```
def func(...):
    get = ...
    ell = ...
    def genexpr(a, b):
        return <expression using a and b>
    sum(genexpr(get, ell))
```

> eval("get(0) + get(1) + get(2) + get(3)")

The expression in the string doesn't introduce its own scope. The name "get" is resolved because without additional arguments, eval() gets the locals from the calling scope's locals, which is where the name "get" came.

> eval("sum(get(i) for i in range(len(l)))", locals())

This tells eval() to use the calling scope's locals (the value returned by the call ``locals()``) as the globals for the evaluation of the expression in the string. When eval() executes the compiled code, it's as if that piece of code lives in an environment where names like "gets" and "l" (ell) are top-level. Therefore these names are resolved.

> eval("sum(get(i) for i in range(len(l)))")

Without explicitly telling eval() which globals/locals namespaces to use, eval() uses the current calling scope's. This is as if it were called like

eval("sum(get(i) for i in range(len(l)))", globals(), locals())

A problem arises. The generator expression in the string introduces an anonymous inner scope (let's call that scope "the box"). Inside the box, the name "i" is a local, there's no problem. But for the name "get", it's not local to the box, and it's not a global. Unlike other kinds of enclosed scope (for example, one introduced by an inner ``def`` block), "the box" has no way to look up names in enclosing scopes. This is the limitation referred to by the Language Reference's section on dynamic execution.

These are my attempts to explain why something works while others don't, based on my own understanding. I hope this helps somewhat, and if I made a mistake anywhere please correct them.
msg389599 - (view) Author: Cong Ma (congma) * Date: 2021-03-27 13:15
Some more context: Issue 37646. The demo in that one was "eval inside list-comprehension-scope", while this one is the other way around.

Perhaps another example may better illustrate the interplay between eval and the execution environment:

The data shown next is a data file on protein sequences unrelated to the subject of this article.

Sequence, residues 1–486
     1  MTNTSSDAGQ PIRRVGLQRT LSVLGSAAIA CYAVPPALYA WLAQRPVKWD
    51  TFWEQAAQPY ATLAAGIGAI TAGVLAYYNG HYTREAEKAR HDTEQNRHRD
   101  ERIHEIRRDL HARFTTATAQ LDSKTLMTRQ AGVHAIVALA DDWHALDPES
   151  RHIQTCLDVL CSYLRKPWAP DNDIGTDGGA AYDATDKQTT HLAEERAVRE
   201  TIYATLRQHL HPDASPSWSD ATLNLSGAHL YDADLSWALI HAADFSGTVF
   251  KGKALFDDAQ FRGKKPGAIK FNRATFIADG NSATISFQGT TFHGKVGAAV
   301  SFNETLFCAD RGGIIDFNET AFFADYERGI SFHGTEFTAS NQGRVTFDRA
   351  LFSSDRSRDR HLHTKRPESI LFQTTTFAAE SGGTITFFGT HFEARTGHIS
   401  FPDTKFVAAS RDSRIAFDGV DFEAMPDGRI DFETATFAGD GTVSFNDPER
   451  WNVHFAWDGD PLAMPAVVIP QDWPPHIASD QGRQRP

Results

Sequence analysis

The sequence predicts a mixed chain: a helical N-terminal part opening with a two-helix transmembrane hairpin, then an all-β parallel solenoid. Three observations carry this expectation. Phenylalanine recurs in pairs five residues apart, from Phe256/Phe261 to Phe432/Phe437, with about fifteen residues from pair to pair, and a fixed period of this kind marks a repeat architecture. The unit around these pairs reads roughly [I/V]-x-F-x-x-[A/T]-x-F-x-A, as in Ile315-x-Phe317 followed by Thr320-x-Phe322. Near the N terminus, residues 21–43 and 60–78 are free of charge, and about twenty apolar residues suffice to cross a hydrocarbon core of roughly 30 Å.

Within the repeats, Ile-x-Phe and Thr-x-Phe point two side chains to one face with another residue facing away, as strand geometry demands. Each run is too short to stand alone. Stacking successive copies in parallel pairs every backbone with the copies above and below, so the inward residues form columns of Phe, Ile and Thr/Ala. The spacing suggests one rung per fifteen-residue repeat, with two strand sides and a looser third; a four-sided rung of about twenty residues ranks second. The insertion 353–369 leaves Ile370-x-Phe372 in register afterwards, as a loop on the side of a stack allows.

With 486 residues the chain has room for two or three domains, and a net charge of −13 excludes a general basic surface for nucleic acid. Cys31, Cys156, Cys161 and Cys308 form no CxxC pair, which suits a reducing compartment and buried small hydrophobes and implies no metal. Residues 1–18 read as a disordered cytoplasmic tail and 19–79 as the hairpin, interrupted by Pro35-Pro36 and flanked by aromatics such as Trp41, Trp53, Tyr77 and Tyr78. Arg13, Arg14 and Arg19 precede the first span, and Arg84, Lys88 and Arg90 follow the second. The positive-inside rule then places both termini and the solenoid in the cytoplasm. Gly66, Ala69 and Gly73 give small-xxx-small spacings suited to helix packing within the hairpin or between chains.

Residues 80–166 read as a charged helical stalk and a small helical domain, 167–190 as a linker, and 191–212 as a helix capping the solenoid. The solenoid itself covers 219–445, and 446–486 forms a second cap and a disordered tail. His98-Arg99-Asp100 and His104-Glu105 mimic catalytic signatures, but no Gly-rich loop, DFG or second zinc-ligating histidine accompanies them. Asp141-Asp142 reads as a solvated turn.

```
def f():
    x = 1
    def g():
        return eval("x")
    return g
enc = f()
enc()
```

We get ``NameError: name 'x' is not defined``.

The reason is that, during compilation the compiler doesn't and cannot care about what the string "x" means as an argument to eval(). To the compiler it's just a string constant passed to a function, and it's not much different from
```
        return print("x")
```
The compiler decides that the enclosed function g() has no locals in its block. And since there's no global with the name ``x`` either, when the dynamic expression is evaluated in eval() in that environment, the name doesn't resolve, because "eval() doesn't have access to the enclosing scope".

But the following is different:

```
def f():
    x = 1
    def g():
        x  # <----- 
        return eval("x")
    return g
enc = f()
enc()  # return value: 1
```

The marked line introduces name ``x`` as a local by virtue of merely having it in an expression-statement. Inside the function block of g(), we can imagine that the name resolution "goes up one level" into the enclosing block of f() where it is bound to the int object. When eval() is called there, the name does resolve.

I'm trying to think up a mental model but I'm afraid I can't find a simple one, except "once compiled, it's compiled, and eval() must learn to work with the already-compiled code". A much more in-depth description of name binding and execution in CPython is given here:

https://tenthousandmeters.com/blog/python-behind-the-scenes-5-how-variables-are-implemented-in-cpython/

especially in the section "``LOAD_DEREF`` and ``STORE_DEREF``".
History
Date User Action Args
2021-03-27 15:06:53congmasetkeywords: + patch
stage: needs patch -> patch review
pull_requests: + pull_request23787
2021-03-27 13:15:48congmasetmessages: + msg389599
2021-03-27 11:18:04congmasetmessages: + msg389597
2021-03-27 10:25:29bruno.loffsetmessages: + msg389595
2021-03-27 08:32:19congmasetmessages: + msg389593
2021-03-27 08:26:26congmasetmessages: + msg389592
2021-03-26 20:49:09bruno.loffsetmessages: + msg389569
2021-03-26 20:04:46terry.reedysetassignee: docs@python

components: + Documentation
title: Issue of scopes unclear in documentation, or wrongly implemented -> Eval/exec and comprehension scopes unclear in documentation
nosy: + terry.reedy, docs@python
versions: + Python 3.10, - Python 3.9
messages: + msg389565
stage: needs patch
2021-03-24 15:25:01congmasetnosy: + congma
messages: + msg389469
2021-03-23 17:26:04bruno.loffcreate